Showing posts from June, 2022

A Marvellous Light

A Marvellous Light Freya Markse, 2021 Premise: Edwin Courcey and Sir Robin Blyth are both men who don't quite fit with their peers. Edwin is a scholarly magician without much magic. Robin has inherited a title but little cash, and he has no interest in living like his late parents the social climbers. When a bureaucratic error brings them together (and to the attention of a dangerous group seeking a mysterious power), sparks fly.  I've been reading a lot of historical romance-adventures lately where one partner is magic and the other isn't (or is much less so), but this might be the best one so far.  I loved how complicated the magical society was, realistically including all the same problems and bigotries as non-magicians. I loved that Edwin and Robin's objections to each other felt rooted in their personalities. They had to struggle; there was nothing that was too easily swept aside for the sake of romance, but there also weren't any problems that felt too overly

Blackout/All Clear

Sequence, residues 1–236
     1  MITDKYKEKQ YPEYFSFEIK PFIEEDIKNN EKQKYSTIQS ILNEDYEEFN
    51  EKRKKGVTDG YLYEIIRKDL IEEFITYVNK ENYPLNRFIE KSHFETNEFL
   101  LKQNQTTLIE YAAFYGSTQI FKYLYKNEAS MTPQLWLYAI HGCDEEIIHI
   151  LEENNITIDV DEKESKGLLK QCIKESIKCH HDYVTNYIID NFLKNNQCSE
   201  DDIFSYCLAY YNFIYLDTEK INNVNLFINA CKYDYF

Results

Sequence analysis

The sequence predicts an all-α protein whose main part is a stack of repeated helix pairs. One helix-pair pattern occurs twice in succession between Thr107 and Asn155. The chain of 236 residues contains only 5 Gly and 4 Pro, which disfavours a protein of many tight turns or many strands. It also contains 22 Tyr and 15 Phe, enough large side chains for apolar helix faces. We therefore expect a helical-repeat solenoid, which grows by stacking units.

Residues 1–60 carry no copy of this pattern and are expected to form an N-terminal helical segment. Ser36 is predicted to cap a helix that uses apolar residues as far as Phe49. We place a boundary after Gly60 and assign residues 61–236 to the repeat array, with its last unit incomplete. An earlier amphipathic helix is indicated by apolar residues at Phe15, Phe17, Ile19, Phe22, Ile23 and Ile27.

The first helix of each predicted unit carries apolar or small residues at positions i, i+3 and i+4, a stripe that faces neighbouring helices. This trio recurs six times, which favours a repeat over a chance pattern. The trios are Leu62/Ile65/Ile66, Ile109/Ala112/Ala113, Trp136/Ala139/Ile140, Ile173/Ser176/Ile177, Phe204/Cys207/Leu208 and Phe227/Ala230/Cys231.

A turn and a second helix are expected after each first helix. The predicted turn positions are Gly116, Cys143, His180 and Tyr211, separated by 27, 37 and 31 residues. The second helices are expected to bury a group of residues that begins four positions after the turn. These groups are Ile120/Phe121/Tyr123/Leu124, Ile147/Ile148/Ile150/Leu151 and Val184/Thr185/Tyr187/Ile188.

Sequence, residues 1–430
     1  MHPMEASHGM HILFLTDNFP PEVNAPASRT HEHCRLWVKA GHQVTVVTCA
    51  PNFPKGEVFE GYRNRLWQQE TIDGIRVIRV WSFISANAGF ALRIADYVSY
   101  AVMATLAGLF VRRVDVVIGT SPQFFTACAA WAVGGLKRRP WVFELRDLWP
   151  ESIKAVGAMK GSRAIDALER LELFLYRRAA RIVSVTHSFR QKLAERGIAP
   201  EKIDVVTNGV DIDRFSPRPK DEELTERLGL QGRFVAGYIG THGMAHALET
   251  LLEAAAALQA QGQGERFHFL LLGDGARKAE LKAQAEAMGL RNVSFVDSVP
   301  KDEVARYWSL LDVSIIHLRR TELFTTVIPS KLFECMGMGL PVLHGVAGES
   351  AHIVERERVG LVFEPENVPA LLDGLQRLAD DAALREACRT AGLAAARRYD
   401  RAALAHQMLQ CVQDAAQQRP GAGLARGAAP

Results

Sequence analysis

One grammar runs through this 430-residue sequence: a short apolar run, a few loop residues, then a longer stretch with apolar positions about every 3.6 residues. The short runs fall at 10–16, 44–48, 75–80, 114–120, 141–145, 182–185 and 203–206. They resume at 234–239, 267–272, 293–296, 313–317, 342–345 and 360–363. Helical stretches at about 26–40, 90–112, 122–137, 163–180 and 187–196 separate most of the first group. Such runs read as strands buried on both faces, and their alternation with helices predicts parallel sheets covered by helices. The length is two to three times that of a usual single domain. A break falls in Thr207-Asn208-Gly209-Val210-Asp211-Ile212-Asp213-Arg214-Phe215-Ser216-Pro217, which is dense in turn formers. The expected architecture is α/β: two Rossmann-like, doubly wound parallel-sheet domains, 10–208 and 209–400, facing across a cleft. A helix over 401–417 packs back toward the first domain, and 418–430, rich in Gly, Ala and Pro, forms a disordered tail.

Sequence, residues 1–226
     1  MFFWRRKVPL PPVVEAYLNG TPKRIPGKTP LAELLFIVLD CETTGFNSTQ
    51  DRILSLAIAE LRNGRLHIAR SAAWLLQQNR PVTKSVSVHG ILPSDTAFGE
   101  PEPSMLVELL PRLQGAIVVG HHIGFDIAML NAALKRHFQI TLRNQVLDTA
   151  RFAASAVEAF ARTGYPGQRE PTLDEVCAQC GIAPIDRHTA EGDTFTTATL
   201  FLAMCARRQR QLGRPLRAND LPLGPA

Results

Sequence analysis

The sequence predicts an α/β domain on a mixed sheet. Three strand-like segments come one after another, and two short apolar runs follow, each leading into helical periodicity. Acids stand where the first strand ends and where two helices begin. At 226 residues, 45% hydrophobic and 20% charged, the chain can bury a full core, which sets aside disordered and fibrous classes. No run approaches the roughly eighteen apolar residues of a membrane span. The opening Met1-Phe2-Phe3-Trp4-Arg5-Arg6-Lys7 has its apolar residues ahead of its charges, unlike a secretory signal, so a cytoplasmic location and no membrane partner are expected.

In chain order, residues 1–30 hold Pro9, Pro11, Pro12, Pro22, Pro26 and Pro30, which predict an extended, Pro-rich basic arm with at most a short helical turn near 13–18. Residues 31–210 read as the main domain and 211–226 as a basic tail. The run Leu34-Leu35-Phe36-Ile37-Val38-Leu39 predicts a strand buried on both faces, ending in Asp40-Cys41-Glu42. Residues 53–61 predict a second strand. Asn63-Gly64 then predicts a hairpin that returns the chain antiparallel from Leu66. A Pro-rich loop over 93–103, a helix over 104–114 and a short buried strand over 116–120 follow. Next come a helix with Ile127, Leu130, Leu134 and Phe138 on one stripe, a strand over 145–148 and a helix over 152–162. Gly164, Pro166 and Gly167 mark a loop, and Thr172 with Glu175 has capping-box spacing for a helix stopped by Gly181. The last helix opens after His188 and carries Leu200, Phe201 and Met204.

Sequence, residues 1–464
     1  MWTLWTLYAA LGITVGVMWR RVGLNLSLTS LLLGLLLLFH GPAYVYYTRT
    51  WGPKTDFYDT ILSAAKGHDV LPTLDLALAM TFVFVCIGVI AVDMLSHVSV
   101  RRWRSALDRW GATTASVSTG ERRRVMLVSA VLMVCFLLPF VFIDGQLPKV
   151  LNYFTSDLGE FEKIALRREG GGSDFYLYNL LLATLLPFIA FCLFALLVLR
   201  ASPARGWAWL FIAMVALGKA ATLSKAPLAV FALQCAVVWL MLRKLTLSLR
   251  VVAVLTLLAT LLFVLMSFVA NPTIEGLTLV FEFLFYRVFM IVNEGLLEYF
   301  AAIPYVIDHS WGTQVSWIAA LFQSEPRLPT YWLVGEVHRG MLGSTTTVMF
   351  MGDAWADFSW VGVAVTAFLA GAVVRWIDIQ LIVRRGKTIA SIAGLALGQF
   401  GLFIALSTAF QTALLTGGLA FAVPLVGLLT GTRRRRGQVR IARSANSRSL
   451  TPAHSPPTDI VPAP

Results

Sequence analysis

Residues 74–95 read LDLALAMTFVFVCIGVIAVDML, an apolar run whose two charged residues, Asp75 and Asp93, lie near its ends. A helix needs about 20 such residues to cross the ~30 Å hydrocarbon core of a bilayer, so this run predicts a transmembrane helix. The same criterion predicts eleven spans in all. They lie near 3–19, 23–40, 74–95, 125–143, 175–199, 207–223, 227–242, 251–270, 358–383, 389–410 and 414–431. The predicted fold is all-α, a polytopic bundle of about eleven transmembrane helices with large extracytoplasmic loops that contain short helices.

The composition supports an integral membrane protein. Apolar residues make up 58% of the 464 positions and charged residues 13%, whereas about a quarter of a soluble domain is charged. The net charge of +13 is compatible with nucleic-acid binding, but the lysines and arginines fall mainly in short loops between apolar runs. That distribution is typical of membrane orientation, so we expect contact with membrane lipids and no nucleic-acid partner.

Blackout/All Clear Connie Willis, 2010 Hugo Winner - 2011 Premise: Takes place in the same world as Doomsday Book (my rating: 3), and To Say Nothing of the Dog (my rating: 1).  Oh joy. Another one of these books.  Reading this award-winning duology has finally crystalized for me why I find this series so frustrating. I find the very premise so idiotic that I can't stand the characters. Oh no, these historians are trapped in the Blitz and maybe messed up the timeline! Why were you there, you dummies? I was willing to sort of accept Doomsday Book, assuming that a time traveler could gain some actually meaningful information about that time period that they couldn't gain any other way. But these morons seem just like any pompous grad students studying something "fun" for the heck of it. Observing people suffering and dying like they're on safari, and then freaking out when things go sideways. Why, why, why is this a good use of time travel? If there's even a c